HAVANA — On the freshly painted, salmon-colored walls of Alberto and Rebeca Meshulam’s apartment, two portraits of the late Lubavitcher Rebbe, Rabbi Menachem M. Schneerson, frame the entranceway leading to a wide, airy vestibule.
Miniatures of the same portrait sit atop a glass-covered countertop near an image of the Meshulams’ son, Moises, taken at the Chabad-Lubavitch yeshiva in Buenos Aires that he attended for a decade. Despite the iconography, and their kosher kitchen, the Meshulams are not strict adherents of the Hasidic movement.
But in Cuba, a country without a permanent Chabad outpost, the Meshulams — he’s a retired physician, she’s a homemaker — are proud supporters. Their home in this city’s tranquil Nuevo Vedado neighborhood has become a de facto headquarters for the handful of mostly Latin American Lubavitch emissaries who visit the island on major Jewish holidays.
The Meshulam family home is, according to Rebeca, the “beit Chabad for Cuba.”
There are reasons Chabad doesn’t have a house of its own, stemming from a years-long dispute with Cuba’s 1,500-member Jewish community. Indeed, over the past eight years, relations between Chabad, the haredi Orthodox outreach organization, and Cuban Jewish leadership have deteriorated to the point where Lubavitch emissaries will not step foot in the city’s Orthodox synagogue, Adath Israel. Meanwhile, Havana’s Conser-vative Beth Shalom, the largest synagogue in Cuba, decries Chabad’s on-going presence here as illegal.
The roots of the hostilities lie in differing interpretations of halachah, or Jewish law, especially over the question of who should be considered Jewish. While exact figures are unknown, there is a high rate of intermarriage inside the Cuban Jewish community, according to Beth Shalom president Adela Dworin, who knows of only 20 or so Cubans — including herself — born to two Jewish parents.
But since 1992, when the country changed its constitution to allow for freedom of religion, hundreds of Cubans have been converted by visiting Conservative rabbis, Dworin said. Chabad, however, does not recognize non-Orthodox conversions.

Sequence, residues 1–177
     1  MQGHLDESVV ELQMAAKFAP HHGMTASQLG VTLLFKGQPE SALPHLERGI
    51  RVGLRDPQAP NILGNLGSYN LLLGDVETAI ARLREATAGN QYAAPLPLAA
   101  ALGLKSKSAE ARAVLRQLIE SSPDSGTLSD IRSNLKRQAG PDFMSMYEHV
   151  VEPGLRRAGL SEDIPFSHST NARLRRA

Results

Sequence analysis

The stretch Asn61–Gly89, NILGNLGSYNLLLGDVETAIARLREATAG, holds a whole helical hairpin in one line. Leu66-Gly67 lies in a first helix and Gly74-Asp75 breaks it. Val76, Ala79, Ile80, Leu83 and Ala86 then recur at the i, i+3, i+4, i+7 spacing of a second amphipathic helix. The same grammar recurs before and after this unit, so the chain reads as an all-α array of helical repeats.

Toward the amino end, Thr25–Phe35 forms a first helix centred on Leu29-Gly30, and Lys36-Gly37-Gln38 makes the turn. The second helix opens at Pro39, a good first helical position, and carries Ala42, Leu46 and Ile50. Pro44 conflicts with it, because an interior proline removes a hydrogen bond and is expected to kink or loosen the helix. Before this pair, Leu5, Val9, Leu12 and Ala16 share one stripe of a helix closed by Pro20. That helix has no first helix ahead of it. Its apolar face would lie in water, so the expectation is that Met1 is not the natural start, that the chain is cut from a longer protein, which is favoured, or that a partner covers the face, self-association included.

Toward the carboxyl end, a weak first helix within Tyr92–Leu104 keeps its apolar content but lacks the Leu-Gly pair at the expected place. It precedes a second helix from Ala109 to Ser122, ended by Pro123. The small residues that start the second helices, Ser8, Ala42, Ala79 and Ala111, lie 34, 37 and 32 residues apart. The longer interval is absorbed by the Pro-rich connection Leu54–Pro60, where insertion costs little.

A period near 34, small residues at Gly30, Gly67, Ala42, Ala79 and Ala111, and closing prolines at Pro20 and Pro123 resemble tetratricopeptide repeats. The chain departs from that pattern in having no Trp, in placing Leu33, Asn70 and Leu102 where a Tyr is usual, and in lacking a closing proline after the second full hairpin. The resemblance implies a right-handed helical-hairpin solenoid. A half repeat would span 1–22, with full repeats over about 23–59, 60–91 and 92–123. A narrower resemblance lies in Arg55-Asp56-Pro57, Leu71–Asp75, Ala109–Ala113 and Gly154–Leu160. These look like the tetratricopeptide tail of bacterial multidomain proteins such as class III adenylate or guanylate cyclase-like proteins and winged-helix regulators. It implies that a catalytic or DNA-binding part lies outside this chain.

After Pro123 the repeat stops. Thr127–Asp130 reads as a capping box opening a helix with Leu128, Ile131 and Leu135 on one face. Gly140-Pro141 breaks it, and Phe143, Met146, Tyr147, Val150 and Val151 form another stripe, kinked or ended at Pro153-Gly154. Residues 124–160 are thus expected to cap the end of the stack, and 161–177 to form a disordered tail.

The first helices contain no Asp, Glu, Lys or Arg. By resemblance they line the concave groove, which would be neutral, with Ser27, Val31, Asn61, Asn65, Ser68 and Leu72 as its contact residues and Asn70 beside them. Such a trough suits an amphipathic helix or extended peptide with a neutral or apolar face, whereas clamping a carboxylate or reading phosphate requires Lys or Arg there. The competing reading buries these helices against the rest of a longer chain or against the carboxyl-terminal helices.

Shimon Aisenbach, the director of Chabad’s Cuba operation, Chabad Friends of Cuban Jewry, or CFCJ, acknowledged that emissaries have barred Cubans they don’t consider halachically Jewish from their programs — a practice Dworin called “discriminatory.”
In recent years, Chabad has also drawn the ire of some in the Jewish community here for skirting a Cuban law that requires all visitors on religious missions to carry religious visas. Each year, dozens of American and Canadian Jewish missions — sponsored by synagogues and Jewish organizations such as B’nai B’rith — arrive in Cuba lugging bags of clothing and medical supplies.
The Lubavitch emissaries who enter Cuba from across Latin America and Canada come instead with tourist visas.
Máriem Martinez Laurel, the press secretary and cultural attaché at Cuba’s embassy in Ottawa, acknowledged that religious travelers sometimes sneak into Cuba on tourist visas by deceiving their local consulate.
“If they are going to do religious work, this is not correct,” said Martinez Laurel, who had not previously been aware of Chabad’s work on the island. “They cannot do any religious work with a tourist card.”
Aisenbach, who runs CFCJ out of a basement office at his home in a suburb north of Toronto, said his group submitted religious visa applications in the past but they were never processed in a timely fashion. When asked why CFJC no longer applies for religious visas for its emissaries — or attempts to establish a permanent residence on the island — Aisenbach said he believes that Cuba’s Office of Religious Affairs would rule against Chabad, given Dworin’s close ties to the government.
“The government knows about me and knows about my work,” Aisenbach said.